Set WshNetwork = WScript.CreateObject("WScript.Network")
    Set oPrinters = WshNetwork.EnumPrinterConnections
    For i = 0 to oPrinters.Count - 1 Step 2
    prnText = lcase(oPrinters.Item(i+1))
    'wscript.echo prnText
    If inStr (prnText,oldServer) Then
    'Wscript.echo "Removing old printer:" & prnText
    WshNetwork.RemovePrinterConnection oPrinters.Item(i+1), true, true
    prnText = Replace(prnText, oldServer, newServer)
    prnText = Replace(prnText, strDomain, "")
    'Wscript.echo "Adding new printer:" & prnText
    WshNetwork.AddWindowsPrinterConnection prnText
    End If
    Next
    [/pre]
    toadlife
  • Training *is* key

    My wife is a Mac user - she has an iBook.

    I'm Linux user. when I have to deal with her OS X machine it takes me a bit to get under the hood, but I can make do with it. The one thing I *don't* like about it is the one-button mouse. I *hate* that.

    My wife can move around on the Linux machines I have set up - but she doesn't ever get too deep. She shouldn't have to - that's my job.

    She can do what she needs to on my Linux box using OpenOffice.org just as easily as things she does using AppleWorks or NeoOffice on her iBook.

    Of course, our son can surf from either machine using Firefox or Safari.

    Training *is* key - but the best training is with concepts. Training that is too narrow is simply making trained monkeys, not productive people.
    DarrenR114
    • Training costs more money, and just getting...

      Training costs more money, and just getting teachers to show up is another miracle. :P

      Educational environment is socially and politically very different than a corporate environment. Even when teachers get [i]paid[/i] to get training, a lot of them still won't show up. Then they complain they don't know how to use the software and call tech support.

      We run identical training seminars 4 or 5 times a year because teachers just never show up, even when it's "mandatory."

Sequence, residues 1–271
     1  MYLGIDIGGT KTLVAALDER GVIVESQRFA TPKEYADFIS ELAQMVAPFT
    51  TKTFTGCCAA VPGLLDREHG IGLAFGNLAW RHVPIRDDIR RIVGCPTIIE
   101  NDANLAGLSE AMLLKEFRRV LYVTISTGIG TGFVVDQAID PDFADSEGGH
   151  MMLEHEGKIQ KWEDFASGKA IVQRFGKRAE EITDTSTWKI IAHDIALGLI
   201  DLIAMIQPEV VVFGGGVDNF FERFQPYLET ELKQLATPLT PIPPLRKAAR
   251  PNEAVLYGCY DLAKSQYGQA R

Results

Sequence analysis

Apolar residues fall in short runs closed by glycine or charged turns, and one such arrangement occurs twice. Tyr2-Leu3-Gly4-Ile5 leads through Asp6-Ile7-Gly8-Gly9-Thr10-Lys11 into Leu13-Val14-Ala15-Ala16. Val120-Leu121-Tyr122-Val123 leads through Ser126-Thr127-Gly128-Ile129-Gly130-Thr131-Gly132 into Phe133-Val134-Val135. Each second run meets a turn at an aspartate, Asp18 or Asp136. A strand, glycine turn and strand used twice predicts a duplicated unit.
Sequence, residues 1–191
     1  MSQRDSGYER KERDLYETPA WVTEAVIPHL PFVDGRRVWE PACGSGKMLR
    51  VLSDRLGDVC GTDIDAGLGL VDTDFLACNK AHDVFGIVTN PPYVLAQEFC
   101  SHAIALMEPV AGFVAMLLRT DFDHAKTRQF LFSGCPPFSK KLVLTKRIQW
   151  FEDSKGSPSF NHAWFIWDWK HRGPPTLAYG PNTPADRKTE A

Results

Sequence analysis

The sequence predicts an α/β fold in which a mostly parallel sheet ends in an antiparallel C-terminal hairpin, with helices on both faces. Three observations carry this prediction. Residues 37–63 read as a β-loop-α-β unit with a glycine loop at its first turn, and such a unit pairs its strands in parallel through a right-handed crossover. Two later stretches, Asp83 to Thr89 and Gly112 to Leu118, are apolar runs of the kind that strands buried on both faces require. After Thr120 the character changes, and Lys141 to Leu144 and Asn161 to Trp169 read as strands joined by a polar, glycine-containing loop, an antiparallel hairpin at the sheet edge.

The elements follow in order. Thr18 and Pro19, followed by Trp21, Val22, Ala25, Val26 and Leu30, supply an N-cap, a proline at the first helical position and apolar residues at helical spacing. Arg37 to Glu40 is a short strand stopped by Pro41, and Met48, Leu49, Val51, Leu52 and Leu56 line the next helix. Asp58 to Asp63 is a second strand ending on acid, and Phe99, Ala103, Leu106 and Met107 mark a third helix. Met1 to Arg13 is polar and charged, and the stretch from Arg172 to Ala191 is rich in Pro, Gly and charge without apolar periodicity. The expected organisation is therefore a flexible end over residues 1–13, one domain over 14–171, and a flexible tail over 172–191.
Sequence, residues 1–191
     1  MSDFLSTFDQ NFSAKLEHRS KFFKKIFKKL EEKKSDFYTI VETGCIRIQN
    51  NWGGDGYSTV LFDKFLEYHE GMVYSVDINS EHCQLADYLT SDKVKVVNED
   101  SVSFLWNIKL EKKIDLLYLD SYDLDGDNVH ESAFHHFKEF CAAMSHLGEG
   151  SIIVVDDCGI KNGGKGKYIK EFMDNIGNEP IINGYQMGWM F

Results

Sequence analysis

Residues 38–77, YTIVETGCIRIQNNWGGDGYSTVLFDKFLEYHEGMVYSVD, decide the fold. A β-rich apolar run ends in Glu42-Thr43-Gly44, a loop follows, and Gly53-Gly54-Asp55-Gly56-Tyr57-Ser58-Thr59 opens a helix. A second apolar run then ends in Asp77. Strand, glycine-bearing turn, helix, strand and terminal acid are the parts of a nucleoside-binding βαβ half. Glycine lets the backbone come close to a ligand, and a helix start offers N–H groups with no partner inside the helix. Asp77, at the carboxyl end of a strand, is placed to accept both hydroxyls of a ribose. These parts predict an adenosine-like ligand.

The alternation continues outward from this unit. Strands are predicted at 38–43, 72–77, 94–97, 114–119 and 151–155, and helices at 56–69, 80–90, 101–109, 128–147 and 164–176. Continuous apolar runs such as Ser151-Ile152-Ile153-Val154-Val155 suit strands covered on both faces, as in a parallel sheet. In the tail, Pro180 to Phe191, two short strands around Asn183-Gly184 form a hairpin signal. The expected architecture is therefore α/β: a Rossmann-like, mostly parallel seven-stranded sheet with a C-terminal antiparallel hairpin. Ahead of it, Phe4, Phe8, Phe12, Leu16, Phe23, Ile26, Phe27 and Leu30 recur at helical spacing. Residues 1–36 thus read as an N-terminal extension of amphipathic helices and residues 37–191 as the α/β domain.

Office is Office, whether it's on a Mac or PC. The icons are different, though, but believe me, that's enough to throw a few teachers completely off the deep end.

      Macs are, in general, easier to use than Windows for a first-time user. However, there're a lot of people who've been used Windows first and just are [i]not[/i] willing to change anything. They're familiar with it and they don't want to change a thing if it's what works for them. You'll find people who're still on Windows 98 simply because XP is [i]too[/i] different.
      olePigeon
  • windows users don't like Macs

    Christopher wrote: ". . . I migrated from a dying print server the
    other day and provided all teachers and staff with instructions
    for connecting to the new print queues. I even gave them
    pictures... A remarkable number of teachers were absolutely
    overwhelmed by the idea of adding a printer."

    We have had Mac iBooks in our school for about 5 years. Of the
    70 teachers, only about 7 or 8 were regular Mac users at home.
    One of the first tasks we taught them was how to add a printer.
    We also provided screen shots. They learned it quickly and we
    have not had to revisit the subject during training sessions. On
    the rare occasion when a teacher has had a network printing
    problem, we simply remind them how to delete then re-add the
    printer in the Printer Setup Utility and all is well. It's usually done
    over the phone or via iChat.
    As a side note, the printers in the classrooms have a static IP
    address that is keyed to the classroom number. For instance, my
    classroom is #52, so the IP address of my laser is xx.x.xx.52
    This makes it very easy for a teacher to add a printer in MacOS.
    If they forget this scheme, or cannot find their screenshots, they
    can simply add it as a auto-recognized Bonjour printer. The
    photocopiers in the building work the same way.